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Thursday, April 07, 2005

BRICK LANE

This supposedly scintillating debut by Monica Ali had been eluding me for some time. The story is simple and stark-a Bangladeshi girl of eighteen is shepherded to marry a middle-aged gent living in England. The girl keeps in epistolary touch with her sister who contrived to move from one catastrophe to another . The protagonist then falls in idyllic love with a renegade immigrant in London. The husband decides he’s had enough of prejudice and class differences and he wants to go back with his family-wife and two teenaged daughters to England. His family reviles his intent , they stay back and he is last heard off from Bangladesh.

No vacillating about the certitude and the mastery of the author over her subject—an emigrant’s gaze on how life passes by in an alien setting and the haunting inaction as one attempts to contend and surmount what are essentially irreconcilable differences.
She manages to get into the skin of the lead character, who mercifully is not an angst-ridden monster, but a warm, caring and sensitive individual. Her averageness, her plain Jane-ness is her strength and hence that is a steady frame of reference for the plot, without delving into unseemly crests and troughs across the years. It is also this strength that suffuses others around her, sometimes without thei realization.

Now, the faraway sister is the more adventurous, at least in amorous terms and is hence always getting taken advantage of in Bangladesh, and this itself can come as no surprise in a repressed land. Her missives to her sister explaining as her life unfolds is all that we know of her, and for some reason these are written in halting pidgin English. My hunch is that these were meant to be in Bengali but Ali had no choice but present these as English. Consequently, these are the most contrived and affected of all the prose.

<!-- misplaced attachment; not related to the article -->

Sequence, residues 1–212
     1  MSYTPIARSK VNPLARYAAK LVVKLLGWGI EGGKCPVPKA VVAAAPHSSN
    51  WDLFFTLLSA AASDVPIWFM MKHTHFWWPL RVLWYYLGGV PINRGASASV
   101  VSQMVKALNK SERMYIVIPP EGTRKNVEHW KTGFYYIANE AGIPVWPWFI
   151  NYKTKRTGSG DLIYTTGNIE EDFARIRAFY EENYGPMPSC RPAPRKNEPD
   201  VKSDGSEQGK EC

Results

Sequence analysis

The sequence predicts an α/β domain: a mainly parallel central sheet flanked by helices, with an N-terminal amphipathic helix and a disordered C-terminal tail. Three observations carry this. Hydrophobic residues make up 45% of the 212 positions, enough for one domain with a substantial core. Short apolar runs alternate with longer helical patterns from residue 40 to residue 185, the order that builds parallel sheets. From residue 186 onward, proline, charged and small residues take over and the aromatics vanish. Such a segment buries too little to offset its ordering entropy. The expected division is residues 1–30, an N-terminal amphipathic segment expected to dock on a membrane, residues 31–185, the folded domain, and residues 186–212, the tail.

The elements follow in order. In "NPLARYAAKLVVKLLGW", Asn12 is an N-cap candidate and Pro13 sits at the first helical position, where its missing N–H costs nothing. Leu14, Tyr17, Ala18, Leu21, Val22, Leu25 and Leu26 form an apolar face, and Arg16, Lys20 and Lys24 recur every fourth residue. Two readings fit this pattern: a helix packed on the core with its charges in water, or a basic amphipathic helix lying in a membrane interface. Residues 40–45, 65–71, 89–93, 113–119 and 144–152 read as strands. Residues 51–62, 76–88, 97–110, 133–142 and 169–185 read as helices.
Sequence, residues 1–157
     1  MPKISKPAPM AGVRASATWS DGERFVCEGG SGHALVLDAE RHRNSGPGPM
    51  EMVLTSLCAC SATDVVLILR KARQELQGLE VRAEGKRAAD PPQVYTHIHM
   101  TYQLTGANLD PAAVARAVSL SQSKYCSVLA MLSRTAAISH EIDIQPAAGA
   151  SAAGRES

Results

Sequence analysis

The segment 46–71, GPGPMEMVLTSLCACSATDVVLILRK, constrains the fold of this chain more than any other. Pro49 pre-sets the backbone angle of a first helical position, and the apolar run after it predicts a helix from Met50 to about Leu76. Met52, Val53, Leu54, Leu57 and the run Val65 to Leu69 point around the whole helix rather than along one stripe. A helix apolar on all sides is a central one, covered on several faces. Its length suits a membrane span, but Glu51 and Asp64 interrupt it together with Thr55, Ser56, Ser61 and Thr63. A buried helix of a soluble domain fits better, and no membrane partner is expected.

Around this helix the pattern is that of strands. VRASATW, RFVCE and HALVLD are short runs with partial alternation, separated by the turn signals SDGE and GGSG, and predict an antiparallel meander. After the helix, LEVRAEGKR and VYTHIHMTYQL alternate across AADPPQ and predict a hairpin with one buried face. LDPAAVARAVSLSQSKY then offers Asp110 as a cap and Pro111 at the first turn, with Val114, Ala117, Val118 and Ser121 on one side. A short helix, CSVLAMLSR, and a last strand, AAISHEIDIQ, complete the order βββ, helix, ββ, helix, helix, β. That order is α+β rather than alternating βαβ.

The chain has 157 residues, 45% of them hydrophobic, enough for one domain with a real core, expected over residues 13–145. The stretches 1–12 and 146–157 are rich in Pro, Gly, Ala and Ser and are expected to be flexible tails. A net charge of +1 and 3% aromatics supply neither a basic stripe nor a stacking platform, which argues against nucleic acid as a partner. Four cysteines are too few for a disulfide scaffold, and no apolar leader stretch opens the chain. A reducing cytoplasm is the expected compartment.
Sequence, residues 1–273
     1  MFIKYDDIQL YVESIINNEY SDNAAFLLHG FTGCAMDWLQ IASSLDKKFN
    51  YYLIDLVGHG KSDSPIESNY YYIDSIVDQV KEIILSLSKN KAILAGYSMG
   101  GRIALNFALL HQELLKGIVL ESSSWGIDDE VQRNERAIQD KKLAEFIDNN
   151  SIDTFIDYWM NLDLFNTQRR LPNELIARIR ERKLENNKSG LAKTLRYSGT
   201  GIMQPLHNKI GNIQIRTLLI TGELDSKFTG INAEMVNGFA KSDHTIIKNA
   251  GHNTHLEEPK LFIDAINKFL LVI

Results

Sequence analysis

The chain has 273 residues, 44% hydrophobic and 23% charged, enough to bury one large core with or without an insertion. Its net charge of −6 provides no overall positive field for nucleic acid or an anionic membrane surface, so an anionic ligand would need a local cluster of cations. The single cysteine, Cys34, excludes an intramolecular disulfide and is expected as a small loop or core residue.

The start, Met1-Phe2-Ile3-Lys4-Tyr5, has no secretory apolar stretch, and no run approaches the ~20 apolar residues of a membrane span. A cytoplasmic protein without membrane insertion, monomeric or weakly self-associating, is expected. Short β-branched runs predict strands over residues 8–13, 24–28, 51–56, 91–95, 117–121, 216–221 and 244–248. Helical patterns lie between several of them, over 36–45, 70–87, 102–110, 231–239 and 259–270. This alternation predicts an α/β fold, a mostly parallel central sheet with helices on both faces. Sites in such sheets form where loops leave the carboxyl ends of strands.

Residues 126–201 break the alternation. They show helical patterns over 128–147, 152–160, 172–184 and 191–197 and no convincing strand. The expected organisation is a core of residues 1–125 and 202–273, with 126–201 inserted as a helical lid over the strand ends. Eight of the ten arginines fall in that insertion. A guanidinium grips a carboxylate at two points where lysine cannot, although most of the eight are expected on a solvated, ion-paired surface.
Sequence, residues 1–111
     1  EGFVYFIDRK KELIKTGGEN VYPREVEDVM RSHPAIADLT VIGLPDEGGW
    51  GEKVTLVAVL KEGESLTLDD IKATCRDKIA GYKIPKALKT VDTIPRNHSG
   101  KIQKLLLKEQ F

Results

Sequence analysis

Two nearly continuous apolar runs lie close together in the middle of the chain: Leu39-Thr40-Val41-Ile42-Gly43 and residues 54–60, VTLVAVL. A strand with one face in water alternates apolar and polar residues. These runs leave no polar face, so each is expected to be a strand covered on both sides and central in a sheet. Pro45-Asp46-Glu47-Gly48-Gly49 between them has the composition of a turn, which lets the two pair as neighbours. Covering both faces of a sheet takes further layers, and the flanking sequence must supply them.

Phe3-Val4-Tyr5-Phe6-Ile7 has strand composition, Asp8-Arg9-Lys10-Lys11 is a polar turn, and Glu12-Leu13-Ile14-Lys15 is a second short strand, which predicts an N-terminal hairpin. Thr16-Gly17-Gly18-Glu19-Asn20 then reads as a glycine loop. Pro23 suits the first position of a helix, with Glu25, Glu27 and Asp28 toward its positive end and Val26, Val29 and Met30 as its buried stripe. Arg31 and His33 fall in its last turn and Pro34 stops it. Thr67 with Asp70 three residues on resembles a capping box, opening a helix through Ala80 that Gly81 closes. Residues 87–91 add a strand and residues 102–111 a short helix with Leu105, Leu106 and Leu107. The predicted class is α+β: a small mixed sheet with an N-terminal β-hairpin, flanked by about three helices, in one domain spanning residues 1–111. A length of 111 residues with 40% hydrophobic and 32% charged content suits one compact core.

Her daughters are fashionably fussy, modern and pert—although Ali maintains a fine balance by having one lass politically correct.

Her friends range between the Johnny-come-lately and the austere, again some social commentary at play here.

Her husband was by far the best characterization achieved—his innate inferiority is masked and shrouded by a militant zeal for knowledge as he rails against a system not built for him. His gentleness and perspective keep the family afloat, and although (because ??) he is a:”loser”, he appealed to me.

Much more could have been done with the younger lover, his gasconade, heroic predilections and manliness are prized, but fade away as things become murkier for him and his sensibilities.

The plot is steady, unpretentious, subdued and seasoned. She does never quite get going though, so the lack of originality gnaws and is yet unrequited at the end of the novel.

A 7 on 10 ! (Just so she doesn’t go the Amit Chaudhari way )

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